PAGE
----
Sex Differences in the Social Behavior Network and Mesolimbic Dopamine System
Sexual selection is based on differential investment in reproduction by males and females, and in most species of vertebrates females invest more energy in each individual offspring than males. Neurobiological systems controlling social behaviors have thus evolved under some form of sexual selection for millions of years. An evolutionarily conserved social behavior network consisting of hypothalamic and limbic brain nuclei contains several regions that are sexually dimorphic. Intriguingly, even nodes within this network that are not sexually dimorphic play a key role in mediating sex differences in behavior. In contrast, little anatomical sexual dimorphism is observed within the mesolimbic dopamine system. Nonetheless, important sex differences in dopamine functions have been identified. This chapter will review sex differences in the structure and function of these circuits and examine how social experience acting on these circuits induces long-term changes in behavior.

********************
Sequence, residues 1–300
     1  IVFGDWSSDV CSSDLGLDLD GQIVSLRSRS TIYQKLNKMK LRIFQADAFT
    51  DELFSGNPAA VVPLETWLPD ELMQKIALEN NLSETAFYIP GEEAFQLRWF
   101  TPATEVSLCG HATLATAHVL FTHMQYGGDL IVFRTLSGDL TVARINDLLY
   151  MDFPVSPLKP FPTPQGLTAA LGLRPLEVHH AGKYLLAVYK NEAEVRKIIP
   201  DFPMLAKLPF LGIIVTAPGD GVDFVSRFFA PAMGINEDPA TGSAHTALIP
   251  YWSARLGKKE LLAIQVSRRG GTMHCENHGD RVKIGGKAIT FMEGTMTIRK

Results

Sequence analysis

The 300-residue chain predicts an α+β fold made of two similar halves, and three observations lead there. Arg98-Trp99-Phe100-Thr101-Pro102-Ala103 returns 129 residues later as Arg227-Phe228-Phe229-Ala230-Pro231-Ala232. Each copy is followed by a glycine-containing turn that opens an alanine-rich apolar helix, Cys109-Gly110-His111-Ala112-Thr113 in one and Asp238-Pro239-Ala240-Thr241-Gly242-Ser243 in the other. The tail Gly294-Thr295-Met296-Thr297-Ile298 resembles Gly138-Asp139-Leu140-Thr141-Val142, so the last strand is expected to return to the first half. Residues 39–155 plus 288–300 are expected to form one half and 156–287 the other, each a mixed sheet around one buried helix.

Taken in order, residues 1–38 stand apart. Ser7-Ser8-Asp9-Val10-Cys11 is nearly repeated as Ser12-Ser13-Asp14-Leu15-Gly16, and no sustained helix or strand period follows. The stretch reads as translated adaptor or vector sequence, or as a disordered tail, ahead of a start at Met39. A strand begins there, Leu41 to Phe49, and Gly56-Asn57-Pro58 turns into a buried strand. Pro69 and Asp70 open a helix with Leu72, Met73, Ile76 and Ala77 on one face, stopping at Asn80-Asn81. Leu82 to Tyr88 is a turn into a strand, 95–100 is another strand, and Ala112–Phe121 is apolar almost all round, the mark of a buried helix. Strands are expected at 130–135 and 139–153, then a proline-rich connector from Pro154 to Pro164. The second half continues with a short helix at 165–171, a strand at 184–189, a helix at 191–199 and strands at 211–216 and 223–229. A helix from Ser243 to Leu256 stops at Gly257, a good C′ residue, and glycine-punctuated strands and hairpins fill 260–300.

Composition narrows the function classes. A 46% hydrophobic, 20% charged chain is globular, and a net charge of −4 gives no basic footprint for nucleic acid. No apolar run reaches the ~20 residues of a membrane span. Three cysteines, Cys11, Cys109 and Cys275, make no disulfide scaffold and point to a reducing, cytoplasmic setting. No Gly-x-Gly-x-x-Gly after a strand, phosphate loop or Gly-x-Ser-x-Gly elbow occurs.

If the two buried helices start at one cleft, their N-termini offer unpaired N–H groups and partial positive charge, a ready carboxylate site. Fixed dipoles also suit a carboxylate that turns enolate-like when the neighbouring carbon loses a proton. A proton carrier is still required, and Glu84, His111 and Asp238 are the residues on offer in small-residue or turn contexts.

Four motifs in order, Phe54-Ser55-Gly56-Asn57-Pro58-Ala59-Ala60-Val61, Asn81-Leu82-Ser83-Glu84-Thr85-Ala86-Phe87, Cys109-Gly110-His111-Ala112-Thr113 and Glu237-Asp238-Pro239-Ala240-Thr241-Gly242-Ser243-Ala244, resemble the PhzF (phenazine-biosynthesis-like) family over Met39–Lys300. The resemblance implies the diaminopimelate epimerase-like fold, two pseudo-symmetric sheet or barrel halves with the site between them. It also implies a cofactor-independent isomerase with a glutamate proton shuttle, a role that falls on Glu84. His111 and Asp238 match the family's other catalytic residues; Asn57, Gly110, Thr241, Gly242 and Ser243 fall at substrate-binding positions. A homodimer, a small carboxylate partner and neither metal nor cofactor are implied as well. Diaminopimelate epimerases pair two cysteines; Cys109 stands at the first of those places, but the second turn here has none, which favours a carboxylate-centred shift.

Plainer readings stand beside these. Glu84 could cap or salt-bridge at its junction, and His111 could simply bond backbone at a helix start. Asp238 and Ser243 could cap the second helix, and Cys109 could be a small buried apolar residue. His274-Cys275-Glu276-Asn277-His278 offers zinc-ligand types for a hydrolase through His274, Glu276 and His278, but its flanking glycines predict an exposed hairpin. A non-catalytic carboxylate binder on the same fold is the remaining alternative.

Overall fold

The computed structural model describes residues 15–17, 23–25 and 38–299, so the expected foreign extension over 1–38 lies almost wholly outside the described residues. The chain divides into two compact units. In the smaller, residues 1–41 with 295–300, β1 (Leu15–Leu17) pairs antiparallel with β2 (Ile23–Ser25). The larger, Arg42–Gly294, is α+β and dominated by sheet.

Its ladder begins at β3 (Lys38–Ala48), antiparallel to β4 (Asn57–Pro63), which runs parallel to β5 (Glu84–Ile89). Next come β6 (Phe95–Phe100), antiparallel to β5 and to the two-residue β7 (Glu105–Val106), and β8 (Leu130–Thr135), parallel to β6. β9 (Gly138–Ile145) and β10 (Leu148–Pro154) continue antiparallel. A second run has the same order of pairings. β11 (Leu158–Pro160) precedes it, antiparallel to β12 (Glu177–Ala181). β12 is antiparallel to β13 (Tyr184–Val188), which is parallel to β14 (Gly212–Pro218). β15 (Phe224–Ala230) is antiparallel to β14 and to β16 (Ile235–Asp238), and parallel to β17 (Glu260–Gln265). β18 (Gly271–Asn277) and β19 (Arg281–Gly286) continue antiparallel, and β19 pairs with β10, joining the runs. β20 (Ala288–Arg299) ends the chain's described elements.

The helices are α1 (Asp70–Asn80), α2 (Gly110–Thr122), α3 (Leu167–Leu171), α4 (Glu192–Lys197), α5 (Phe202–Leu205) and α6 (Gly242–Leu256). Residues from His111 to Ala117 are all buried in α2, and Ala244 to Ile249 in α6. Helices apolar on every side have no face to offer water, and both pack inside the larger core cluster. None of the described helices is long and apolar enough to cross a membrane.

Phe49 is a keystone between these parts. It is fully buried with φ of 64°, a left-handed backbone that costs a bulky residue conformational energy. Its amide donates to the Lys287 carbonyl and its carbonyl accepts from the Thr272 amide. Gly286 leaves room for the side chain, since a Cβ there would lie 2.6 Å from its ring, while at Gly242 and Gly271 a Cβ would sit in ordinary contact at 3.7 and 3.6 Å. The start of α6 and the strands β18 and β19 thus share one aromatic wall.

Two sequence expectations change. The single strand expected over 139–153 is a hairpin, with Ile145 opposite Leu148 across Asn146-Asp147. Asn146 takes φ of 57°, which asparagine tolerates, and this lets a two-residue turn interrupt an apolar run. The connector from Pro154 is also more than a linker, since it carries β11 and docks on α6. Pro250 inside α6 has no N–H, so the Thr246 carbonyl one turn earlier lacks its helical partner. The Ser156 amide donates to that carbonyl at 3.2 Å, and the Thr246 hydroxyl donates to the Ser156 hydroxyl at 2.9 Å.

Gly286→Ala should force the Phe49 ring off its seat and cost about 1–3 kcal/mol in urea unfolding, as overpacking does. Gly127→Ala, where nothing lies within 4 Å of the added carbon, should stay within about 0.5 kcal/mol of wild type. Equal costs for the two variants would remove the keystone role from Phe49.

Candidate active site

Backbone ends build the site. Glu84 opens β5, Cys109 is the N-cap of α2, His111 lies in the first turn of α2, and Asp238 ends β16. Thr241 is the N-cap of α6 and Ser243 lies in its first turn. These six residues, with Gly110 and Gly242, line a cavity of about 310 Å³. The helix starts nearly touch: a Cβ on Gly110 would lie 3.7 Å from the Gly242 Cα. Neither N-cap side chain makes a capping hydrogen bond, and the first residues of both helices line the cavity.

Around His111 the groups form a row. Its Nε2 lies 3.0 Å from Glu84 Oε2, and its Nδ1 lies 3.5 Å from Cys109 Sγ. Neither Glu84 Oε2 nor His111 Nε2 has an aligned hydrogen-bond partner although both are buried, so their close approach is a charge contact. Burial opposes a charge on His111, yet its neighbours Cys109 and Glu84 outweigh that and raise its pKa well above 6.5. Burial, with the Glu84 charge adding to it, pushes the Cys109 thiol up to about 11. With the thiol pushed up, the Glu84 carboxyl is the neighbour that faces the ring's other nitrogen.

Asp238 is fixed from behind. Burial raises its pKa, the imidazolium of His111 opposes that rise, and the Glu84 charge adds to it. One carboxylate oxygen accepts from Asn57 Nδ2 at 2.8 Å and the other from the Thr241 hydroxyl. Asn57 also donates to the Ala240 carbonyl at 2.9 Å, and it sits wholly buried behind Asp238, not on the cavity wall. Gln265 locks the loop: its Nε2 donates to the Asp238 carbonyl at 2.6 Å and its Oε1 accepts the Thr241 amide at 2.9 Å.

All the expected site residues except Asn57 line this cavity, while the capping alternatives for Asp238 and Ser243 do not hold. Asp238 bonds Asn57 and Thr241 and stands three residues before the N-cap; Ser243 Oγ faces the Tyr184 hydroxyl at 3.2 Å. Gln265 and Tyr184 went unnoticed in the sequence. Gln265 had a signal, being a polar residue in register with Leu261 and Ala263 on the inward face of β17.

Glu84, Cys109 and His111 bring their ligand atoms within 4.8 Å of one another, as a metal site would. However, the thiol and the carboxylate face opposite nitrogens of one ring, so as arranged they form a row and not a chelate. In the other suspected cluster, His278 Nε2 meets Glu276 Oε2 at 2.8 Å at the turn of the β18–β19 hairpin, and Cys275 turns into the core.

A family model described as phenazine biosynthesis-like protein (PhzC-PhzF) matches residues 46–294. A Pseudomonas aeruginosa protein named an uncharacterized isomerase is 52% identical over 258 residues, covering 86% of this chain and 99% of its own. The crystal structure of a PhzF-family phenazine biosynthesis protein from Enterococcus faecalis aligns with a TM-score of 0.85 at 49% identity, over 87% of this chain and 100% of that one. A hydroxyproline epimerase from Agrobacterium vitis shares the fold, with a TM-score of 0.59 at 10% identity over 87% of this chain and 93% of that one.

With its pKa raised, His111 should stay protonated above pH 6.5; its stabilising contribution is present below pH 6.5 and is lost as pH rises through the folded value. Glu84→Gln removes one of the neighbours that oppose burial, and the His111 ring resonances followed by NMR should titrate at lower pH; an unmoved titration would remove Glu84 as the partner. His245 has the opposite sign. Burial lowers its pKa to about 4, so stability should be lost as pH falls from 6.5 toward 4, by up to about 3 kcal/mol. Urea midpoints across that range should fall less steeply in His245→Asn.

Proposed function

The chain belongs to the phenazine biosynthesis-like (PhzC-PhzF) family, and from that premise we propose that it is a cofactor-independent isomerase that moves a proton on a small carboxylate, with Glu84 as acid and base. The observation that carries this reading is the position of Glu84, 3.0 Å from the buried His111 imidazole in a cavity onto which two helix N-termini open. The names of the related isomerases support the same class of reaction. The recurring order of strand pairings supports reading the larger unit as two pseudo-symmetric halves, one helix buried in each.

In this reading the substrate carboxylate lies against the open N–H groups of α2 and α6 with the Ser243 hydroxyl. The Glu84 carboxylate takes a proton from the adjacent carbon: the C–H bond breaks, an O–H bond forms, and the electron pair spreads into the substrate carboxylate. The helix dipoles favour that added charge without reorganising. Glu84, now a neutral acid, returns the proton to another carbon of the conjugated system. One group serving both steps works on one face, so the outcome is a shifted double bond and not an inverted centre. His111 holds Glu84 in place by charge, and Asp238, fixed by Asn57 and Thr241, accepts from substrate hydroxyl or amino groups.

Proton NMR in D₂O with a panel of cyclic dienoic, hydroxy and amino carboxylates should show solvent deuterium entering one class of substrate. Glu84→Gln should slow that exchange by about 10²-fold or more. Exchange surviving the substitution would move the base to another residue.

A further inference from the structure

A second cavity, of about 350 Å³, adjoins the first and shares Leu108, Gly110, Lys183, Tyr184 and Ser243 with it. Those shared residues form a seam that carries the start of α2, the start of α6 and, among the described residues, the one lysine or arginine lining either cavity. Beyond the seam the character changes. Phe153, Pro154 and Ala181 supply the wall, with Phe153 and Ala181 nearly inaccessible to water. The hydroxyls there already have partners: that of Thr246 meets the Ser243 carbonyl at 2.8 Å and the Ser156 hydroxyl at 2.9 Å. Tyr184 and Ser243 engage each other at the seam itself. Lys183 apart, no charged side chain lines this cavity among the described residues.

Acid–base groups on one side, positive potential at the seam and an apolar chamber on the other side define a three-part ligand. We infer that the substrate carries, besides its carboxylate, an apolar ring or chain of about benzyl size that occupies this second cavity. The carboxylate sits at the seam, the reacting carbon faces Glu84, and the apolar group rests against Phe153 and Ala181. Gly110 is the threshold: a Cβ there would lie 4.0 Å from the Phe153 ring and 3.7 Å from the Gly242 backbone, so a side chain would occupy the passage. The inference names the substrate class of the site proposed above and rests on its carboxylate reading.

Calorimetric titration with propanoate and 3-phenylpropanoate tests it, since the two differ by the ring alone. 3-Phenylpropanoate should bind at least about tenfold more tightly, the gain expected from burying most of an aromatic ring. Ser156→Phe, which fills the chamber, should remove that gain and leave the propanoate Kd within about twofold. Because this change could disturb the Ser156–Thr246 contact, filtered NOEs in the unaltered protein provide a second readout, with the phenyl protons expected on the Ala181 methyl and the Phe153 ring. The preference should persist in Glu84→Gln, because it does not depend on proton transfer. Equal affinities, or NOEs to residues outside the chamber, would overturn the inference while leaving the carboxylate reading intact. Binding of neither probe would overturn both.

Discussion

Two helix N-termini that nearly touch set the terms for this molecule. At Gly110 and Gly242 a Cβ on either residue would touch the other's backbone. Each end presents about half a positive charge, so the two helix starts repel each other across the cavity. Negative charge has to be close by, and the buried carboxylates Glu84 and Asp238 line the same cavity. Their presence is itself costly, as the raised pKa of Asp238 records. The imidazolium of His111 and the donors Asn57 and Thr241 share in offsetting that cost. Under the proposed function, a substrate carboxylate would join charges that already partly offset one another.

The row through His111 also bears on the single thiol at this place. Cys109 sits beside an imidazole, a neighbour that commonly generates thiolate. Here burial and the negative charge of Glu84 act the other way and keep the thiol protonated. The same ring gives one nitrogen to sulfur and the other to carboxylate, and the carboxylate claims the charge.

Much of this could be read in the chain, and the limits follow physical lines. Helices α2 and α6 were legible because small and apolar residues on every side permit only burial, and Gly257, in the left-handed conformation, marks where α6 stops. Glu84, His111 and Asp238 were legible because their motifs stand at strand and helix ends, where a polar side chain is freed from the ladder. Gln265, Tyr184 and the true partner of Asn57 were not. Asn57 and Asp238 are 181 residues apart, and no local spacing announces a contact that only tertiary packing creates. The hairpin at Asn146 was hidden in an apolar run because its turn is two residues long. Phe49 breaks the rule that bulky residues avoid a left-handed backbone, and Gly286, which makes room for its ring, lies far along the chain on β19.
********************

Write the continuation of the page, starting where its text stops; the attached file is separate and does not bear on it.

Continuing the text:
Sex Differences in the Central Nervous System
Rebecca M. Shansky
Greenberg, G. D., & Trainor, B. C. (2016). Sex Differences in the Social Behavior Network and Mesolimbic Dopamine System. In R. M. Shansky (Ed.), Sex Differences in the Central Nervous System (pp. 77–106). San Diego: Academic Press. https://doi.org/10.1016/B978-0-12-802114-9.00004-4